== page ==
//casablanca film anniversary secrets pp

Suave and exciting, the classic film "Casablanca" is a heady mix of breathtaking romance and pulse-quickening intrigue that has long captivated audiences who are enchanted by the performances of Humphrey Bogart, Ingrid Bergman and the rest of the stellar cast.Set in an exotic northern African port at a time of political upheaval, the legendary Warner Brothers movie is steeped in sentiment but loaded with melodrama, creating a memorable story that has stood the test of time.

Article continues below advertisement
//casablanca film anniversary secrets
Source: MEGA

As "Casablanca" celebrates the 75th anniversary of its 1942 release, RadarOnline.com takes a look at some of the secrets behind the smoldering World War II love saga. The film was based on Murray Burnett and Joan Alison's unproduced play "Everybody Comes to Rick's."

//casablanca film anniversary secrets
Source: MEGA

Warner Brothers paid $20,000 for the rights to the work, an astonishing sum at the time. The production was retitled "Casablanca" to piggyback on the success of 1938's "Algiers." "Casablanca" can take credit for inspiring one of the most misquoted movie lines of all time. No one ever says, "Play it again, Sam."Ilsa Lund, played by Bergman, only says "Play it, Sam. Play 'As Time Goes By.' "Bergman was a few inches taller than Bogart, who wore platform shoes to compensate for the difference. To create the illusion that Bogie was taller, director Michael Curtiz had him stand on boxes and sit on pillows for some shots, while making Bergman slouch down in others!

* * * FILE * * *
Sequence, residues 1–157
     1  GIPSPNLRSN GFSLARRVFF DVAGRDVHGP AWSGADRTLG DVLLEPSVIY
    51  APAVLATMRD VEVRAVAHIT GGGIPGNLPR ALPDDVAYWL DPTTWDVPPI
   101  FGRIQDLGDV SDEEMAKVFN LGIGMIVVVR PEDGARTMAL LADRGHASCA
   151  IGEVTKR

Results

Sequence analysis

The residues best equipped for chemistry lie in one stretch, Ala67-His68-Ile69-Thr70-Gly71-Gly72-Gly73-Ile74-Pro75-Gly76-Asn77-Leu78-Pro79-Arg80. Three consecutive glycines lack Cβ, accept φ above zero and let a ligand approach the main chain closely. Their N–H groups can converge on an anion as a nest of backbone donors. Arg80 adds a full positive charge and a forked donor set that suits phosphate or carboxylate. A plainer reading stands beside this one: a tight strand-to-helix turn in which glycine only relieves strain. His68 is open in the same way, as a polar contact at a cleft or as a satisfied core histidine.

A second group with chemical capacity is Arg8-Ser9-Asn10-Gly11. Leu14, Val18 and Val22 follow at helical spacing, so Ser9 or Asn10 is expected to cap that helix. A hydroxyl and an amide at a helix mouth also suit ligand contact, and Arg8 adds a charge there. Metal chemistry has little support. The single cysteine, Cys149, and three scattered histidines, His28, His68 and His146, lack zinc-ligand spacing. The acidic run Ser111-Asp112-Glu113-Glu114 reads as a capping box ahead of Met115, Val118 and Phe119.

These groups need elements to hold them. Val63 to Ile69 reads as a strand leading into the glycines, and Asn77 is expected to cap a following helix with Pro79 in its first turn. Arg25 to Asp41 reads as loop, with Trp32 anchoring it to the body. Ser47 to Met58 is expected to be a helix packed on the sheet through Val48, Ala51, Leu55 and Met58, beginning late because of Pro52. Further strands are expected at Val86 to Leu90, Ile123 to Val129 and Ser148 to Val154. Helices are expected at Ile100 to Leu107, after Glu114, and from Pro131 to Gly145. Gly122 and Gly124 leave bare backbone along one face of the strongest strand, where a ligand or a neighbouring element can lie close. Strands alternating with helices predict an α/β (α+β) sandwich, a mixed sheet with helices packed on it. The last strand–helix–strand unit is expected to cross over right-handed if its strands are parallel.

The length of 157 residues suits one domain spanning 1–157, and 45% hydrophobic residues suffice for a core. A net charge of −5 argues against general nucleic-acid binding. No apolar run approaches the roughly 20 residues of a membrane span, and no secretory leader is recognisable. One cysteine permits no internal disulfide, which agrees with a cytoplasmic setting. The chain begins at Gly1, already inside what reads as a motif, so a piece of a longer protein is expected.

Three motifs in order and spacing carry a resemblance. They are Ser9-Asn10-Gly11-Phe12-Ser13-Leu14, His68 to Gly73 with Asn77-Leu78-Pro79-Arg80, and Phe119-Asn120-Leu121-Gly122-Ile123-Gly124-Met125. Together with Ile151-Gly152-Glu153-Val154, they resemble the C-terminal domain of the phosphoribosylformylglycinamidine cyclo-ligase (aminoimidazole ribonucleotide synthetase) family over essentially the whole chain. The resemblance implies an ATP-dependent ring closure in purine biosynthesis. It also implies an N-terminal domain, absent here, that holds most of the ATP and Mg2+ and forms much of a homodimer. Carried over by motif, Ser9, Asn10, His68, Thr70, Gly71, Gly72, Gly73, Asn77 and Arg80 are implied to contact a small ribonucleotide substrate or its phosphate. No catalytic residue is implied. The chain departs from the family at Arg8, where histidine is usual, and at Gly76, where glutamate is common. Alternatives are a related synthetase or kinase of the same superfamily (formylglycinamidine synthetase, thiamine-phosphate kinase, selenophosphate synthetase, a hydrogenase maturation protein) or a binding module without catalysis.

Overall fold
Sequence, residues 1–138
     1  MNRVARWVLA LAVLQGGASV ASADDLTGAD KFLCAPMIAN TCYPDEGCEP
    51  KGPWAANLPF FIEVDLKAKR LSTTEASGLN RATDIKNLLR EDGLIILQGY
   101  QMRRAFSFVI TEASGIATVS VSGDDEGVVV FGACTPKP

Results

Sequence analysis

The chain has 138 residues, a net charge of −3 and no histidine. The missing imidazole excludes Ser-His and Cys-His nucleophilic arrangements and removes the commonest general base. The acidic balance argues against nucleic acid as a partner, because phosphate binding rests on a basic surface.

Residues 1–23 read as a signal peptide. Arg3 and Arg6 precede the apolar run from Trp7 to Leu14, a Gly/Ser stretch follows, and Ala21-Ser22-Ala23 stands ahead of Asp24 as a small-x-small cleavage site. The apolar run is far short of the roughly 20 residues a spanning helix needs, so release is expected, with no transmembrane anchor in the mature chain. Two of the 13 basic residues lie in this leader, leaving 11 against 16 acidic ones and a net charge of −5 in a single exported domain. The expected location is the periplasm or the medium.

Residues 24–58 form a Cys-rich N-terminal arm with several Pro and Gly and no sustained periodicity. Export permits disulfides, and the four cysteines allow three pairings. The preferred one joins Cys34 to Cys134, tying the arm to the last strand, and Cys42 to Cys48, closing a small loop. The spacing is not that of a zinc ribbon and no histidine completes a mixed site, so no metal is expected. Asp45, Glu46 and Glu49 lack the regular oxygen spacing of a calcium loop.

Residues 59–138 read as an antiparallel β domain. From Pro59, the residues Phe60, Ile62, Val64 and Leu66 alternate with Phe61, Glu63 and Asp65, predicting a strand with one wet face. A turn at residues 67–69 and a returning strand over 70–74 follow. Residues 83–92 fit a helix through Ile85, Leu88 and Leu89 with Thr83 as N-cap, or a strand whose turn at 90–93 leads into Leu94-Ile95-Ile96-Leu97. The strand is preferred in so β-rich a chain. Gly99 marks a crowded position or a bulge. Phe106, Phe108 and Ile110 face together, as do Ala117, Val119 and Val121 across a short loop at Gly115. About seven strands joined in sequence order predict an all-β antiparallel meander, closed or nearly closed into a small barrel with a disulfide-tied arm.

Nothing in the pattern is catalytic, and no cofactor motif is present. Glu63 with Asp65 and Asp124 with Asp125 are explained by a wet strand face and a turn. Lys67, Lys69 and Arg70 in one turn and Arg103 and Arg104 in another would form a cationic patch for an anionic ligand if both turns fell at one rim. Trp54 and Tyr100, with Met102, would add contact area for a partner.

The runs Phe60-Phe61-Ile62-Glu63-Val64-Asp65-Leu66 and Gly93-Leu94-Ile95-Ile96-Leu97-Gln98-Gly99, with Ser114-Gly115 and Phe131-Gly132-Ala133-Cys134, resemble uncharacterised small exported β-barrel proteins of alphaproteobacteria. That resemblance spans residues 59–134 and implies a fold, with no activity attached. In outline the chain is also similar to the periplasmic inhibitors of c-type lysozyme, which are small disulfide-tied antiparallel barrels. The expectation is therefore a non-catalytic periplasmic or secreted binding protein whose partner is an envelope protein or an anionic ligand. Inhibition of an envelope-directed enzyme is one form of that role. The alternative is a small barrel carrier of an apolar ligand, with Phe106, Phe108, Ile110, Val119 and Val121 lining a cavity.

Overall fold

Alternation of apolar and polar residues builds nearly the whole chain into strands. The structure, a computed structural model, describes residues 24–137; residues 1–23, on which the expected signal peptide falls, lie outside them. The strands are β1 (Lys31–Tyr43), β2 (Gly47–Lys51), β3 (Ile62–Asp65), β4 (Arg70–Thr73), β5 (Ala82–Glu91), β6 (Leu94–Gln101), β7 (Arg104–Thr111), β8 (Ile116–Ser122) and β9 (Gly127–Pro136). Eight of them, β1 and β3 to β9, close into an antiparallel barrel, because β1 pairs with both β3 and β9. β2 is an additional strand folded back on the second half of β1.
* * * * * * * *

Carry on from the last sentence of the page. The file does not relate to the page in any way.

Article continues below advertisement
//casablanca film anniversary secrets

ctor George Raft was originally offered Bogart's role of Rick Blaine — but he turned it down. Raft later had a change of heart, but by then producer Hal Wallis insisted on Bogart. Ironically, Raft had turned down two other gigs that boosted Bogart's career: Roy "Mad Dog" Earle in "High Sierra" and Sam Spade in "The Maltese Falcon," both from 1941.

//casablanca film anniversary secrets

Future president Ronald Reagan, then a Warner Bros. contract player, had also been briefly considered to play Rick.

Article continues below advertisement
//casablanca film anniversary secrets

Bogart actually improvised the classic line: "Here's looking at you, kid." Coupled with the actor's undeniable charisma, those simple words still deliver a stunning emotional punch. Bogart's wife at the time, Mayo Methot, constantly accused him of having an affair with co-star Bergman, often confronting him in his dressing room and causing Bogart to come to the set in a rage. Despite the on-screen chemistry between Bogart and Bergman, they hardly spoke. The only time the pair bonded was when they had lunch with others on the set.

//casablanca film anniversary secrets

Dooley Wilson, who portrayed Rick's sidekick Sam, could not really play the piano. Wilson was a professional drummer who faked it! The movie's music was recorded at the same time as the film, with Elliot Carpenter tickling the ivories behind a curtain. Carpenter was positioned in view of Wilson, who mimicked his hand movements. Interestingly, Wilson was the only member of the cast who had ever actually visited the city of Casablanca.

//casablanca film anniversary secrets

Conrad Veidt, who played Major Strasser, was actually a German refugee himself, who was well known in his country's theatrical community for his hatred of the Nazis. He was forced to flee Germany because the SS learned of his anti-Nazi activities — and had sent a death squad after him! The large numbers of European exiles fleeing the war were a boon to the studio's casting department — and added greatly to the emotional impact of the film. Out of all the credited performers, only three were born in the U.S.: Bogart, Wilson and Joy Page.

We pay for juicy info! Do you have a story for RadarOnline.com? Email us at tips@radaronline.com, or call us at (866) ON-RADAR (667-2327) any time, day or night.